There are three levels of ransomware. Ransomware is a type of malicious software which is designed to block your access to your computer until you pay a specific amount of money.
1.) Scareware – These are lowest on the totem pole and include fake anti-virus and anti-malware clients detecting non-existant issues and demanding money for the program to fix it.
2.) Browser/Screen locking ransomware – Think of the FBI moneypack virus where they claim to have detected illegal activity on your computer and demand a “fine” to prevent further prosecution.
3.) Encrypting ransomware – This ransomware is the worst of the worst and encrypts all of the files on your machine and demand money be paid by a deadline date (typically 72 hours) in order to decrypt them.
Millions of ransom attacks are attempted on companies both small and large each year
-NPR, All Things Considered
Ransomware will encrypt all of your files including financial documents, confidential information, medical documents, etc.
In addition to the above dangers some ransomware will threaten to leak the information that has been encrypted online. This is a severe threat and a danger to customer information.
Law enforcement officials encourage businesses to pay the ransom as it’s the quickest and only way to retrieve your files but we don’t recommend it as there is absolutely no guarantee that you will be given access to your files again. It also makes you a target for future attacks.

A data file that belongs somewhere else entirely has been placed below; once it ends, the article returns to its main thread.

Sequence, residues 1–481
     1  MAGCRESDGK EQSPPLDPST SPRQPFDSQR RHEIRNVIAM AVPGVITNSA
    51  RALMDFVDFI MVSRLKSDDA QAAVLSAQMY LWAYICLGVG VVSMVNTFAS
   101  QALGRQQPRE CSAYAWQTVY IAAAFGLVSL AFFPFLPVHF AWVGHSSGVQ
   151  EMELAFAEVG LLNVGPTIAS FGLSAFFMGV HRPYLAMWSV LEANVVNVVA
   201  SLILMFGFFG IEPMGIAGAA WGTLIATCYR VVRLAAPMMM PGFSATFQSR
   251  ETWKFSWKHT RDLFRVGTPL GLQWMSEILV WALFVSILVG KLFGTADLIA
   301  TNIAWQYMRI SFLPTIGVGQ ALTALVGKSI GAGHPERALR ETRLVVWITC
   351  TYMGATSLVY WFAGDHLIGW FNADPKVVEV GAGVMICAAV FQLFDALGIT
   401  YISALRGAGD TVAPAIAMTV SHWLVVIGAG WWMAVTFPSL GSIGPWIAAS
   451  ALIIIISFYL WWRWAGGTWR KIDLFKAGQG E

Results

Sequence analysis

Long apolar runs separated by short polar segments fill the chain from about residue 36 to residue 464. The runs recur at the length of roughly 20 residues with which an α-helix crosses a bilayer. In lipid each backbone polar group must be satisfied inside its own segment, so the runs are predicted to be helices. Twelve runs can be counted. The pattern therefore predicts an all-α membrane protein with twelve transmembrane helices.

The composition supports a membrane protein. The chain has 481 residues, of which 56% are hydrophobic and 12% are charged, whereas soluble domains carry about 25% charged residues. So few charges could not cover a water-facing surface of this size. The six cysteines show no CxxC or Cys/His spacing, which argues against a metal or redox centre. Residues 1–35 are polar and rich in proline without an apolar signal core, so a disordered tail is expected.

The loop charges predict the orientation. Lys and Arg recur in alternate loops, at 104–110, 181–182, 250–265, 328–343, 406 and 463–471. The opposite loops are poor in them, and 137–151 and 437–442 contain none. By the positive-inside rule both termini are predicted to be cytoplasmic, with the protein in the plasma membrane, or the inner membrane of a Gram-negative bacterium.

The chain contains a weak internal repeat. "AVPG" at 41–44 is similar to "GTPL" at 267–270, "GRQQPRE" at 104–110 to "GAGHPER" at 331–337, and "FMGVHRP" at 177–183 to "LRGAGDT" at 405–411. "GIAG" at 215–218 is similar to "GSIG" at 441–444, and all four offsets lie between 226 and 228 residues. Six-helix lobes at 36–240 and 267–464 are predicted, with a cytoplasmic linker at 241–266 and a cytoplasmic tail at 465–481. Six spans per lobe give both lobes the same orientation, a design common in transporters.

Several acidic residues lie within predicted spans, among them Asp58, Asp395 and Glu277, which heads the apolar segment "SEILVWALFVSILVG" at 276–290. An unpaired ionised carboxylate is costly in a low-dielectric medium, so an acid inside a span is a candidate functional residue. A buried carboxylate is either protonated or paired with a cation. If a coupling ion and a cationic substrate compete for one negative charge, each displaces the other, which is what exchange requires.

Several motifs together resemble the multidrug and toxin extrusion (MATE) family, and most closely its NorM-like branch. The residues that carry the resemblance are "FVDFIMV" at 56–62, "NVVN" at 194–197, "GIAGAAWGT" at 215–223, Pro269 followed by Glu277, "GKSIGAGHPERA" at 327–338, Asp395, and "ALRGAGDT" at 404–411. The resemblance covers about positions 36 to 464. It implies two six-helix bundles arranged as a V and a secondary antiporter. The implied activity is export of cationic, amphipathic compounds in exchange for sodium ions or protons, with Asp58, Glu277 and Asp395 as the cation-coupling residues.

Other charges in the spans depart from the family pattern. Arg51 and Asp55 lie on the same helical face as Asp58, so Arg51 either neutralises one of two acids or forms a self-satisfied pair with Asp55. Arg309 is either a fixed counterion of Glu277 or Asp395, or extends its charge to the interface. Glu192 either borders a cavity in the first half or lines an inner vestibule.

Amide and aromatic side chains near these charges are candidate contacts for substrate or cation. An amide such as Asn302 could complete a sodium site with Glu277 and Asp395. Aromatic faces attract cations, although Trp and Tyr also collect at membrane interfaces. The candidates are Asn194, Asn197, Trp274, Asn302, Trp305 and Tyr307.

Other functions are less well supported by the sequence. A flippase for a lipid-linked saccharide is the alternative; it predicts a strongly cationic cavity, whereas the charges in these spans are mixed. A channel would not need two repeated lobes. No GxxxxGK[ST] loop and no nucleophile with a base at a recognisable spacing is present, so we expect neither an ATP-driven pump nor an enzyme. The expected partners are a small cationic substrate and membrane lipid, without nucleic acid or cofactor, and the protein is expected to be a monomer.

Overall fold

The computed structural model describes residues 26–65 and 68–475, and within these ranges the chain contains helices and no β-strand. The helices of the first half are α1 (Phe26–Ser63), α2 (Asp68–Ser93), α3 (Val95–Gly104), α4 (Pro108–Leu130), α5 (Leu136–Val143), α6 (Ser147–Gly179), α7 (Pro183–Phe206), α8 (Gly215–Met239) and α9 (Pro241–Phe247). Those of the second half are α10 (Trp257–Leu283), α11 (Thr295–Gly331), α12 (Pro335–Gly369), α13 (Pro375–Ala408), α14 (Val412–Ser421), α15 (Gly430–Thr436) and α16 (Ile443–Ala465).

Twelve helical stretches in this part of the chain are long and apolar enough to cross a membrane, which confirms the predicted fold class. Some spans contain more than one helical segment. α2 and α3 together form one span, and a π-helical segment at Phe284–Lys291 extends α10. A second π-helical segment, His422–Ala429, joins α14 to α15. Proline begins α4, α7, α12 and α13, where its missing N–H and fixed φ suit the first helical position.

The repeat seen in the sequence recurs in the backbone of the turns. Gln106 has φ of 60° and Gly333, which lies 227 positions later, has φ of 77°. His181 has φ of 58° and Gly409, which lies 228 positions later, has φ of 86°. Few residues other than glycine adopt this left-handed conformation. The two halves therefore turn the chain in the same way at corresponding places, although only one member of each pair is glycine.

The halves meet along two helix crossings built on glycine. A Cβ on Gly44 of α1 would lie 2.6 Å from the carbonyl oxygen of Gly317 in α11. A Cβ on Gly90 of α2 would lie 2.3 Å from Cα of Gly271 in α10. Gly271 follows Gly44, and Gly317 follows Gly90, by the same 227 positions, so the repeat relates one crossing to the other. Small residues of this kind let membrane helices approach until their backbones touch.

So now that we talked about what ransomware is. How can you prevent falling victim to this attack?
There’s no foolproof way to guarantee 100% that you won’t be infected, but taking the below steps will decrease your chances of infection significantly:
1.) Ensure your operating system, browsers, accounting and other software are up-to-date. This means when that window pops up asking if you’d like to update your application, you should absolutely click yes.
2.) Educate end users. It’s important that your employees and coworkers are properly educated on detecting scam campaigns, suspicious websites, and other phishing attempts including social engineering.
3.) Frequent backups are crucial in the event of an infection. Having a backup on a network resource is not safe either as most ransomware infections can traverse the network and mapped drives some can even encrypt data on unmapped network shares. It’s for this reason that we highly recommend having an off-site backup in addition to your local backup.
4.) Use Anti-Virus, Anti-malware, and a firewall to protect yourself.
If you’ve been infected please call us at (843) 608-6560 and we can help restore your business and offer guidance for preventing the attack in the future.